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Earthquakes, Volcanoes and The Ring of Fire - I

Thursday, March 17, 2011

Indonesia, Japan, Philippines, New Zealand, Chile – familiar sounding names for volcanic eruptions and earthquakes isn’t it? And vaguely I knew that it’s cos they fall in the oft-heard of Ring of Fire. But now after the recent disturbances in Japan, I really wanted to find out about this ring and share the same in the simplest way possible. I want to permanently remember this information, and hopefully those of you who are interested will manage to do the same.

The ABCs

Think of the earth’s surface as a jigzaw puzzle. Tectonic plates are pieces of that jigzaw puzzles. What lies above these pieces is a thin layer of crust topped with the seas (oceanic crust) and a thick layer of crust topped with the ground we stand on (continental crust). Collectively it’s called the lithosphere. So these jigzaw pieces are kinda all little different in what they are made of. What lies below is a molten matter known as asthenosphere. Now imagine that these jigzaw pieces are kids forced to share a bed. They are constantly jostling and sliding to find a comfort zone. If that bed they are sharing is a water bed – then the whole thing will get horribly wobbly. And that exactly what happens. This jostling and sliding of the tectonic plates is responsible for the earthquakes, volcanoes eruptions, and also mountain formations. Side effects include tsunamis.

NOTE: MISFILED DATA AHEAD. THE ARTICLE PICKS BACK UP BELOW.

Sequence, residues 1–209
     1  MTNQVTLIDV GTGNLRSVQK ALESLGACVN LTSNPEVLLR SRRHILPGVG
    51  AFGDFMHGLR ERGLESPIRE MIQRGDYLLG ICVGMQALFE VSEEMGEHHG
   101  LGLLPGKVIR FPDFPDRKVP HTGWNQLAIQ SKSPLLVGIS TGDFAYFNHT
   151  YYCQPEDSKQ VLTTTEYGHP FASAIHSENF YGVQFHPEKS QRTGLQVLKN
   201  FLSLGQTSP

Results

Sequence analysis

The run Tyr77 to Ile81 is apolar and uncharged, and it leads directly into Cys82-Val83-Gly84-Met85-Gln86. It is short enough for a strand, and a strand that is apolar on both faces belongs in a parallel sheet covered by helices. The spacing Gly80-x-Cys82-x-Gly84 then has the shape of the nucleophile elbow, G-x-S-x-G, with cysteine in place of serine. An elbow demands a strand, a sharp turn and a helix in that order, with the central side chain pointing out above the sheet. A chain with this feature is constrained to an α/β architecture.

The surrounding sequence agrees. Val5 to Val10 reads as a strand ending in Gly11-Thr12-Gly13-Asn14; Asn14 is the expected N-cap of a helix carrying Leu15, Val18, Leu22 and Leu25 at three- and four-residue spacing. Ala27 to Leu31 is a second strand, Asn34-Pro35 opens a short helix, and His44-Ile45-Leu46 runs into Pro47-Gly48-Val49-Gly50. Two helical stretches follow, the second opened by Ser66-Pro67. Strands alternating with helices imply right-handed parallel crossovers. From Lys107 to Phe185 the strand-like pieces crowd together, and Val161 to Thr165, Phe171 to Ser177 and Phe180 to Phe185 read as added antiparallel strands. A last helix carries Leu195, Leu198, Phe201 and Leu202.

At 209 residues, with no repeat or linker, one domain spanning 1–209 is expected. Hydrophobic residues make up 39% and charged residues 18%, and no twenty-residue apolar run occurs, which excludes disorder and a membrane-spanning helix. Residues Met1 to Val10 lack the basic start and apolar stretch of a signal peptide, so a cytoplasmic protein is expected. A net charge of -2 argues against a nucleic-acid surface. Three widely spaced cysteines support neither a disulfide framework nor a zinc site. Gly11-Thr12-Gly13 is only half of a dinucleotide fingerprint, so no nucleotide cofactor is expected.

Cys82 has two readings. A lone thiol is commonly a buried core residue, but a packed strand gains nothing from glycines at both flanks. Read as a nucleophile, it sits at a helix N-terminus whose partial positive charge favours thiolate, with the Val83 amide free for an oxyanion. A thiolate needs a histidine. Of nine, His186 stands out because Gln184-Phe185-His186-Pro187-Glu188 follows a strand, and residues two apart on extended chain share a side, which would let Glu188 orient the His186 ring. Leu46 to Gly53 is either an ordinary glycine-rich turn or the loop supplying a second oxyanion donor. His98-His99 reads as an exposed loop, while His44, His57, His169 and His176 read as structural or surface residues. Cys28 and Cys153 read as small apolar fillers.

The point where these plates join (boundaries) is what matters to us the most, as it is at these points of friction that the activities occur. They are manifested as fault lines on the earth's crust. The friction could be a result of either the plates moving away from each other or sliding/colliding with each other. At most times they are simply grinding against each other rather gently, but still over a period of time result in pent up energy releasing through earthquakes. Volcanoes will occur when the molten lava and gasses are disturbed and find a way to escape through these joining points. Both volcanoes and earthquakes can result from a collision or a moving away of the plates. Think back to the jigzaw puzzle analogy. Push them against each other and they get all crushed. Pull them apart and then your puzzle falls apart. Unfortunately since our jigzaw (the plates in this case) rest on a liquid base, the movement is unavoidable.

Fault lines are not invisible. Check out their awesomeness through these images.

  • Fault line in New Zealand

Tectonic plate movements

Skip to Pacific Ring of Fire

With the interaction of the tectonic plates – three things happen:
  1. They move apart
  2. They grind against each other
  3. They slide/collide – one ends on top of the other
When they move apart When they grind against each other When they slide/collide
Referred to as divergent boundaries/faults.
  • When the plates move apart they cause rifts that are filled up by magma from below leading to new crust formation